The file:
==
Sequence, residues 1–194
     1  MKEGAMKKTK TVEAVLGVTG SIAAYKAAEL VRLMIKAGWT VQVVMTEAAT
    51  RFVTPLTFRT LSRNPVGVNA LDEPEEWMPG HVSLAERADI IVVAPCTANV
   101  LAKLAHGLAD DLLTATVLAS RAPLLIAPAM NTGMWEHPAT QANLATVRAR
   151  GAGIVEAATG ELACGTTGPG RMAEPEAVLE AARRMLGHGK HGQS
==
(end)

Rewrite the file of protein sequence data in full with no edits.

Sequence, residues 1–194
     1  MKEGAMKKTK TVEAVLGVTG SIAAYKAAEL VRLMIKAGWT VQVVMTEAAT
    51  RFVTPLTFRT LSRNPVGVNA LDEPEEWMPG HVSLAERADI IVVAPCTANV
   101  LAKLAHGLAD DLLTATVLAS RAPLLIAPAM NTGMWEHPAT QANLATVRAR
   151  GAGIVEAATG ELACGTTGPG RMAEPEAVLE AARRMLGHGK HGQS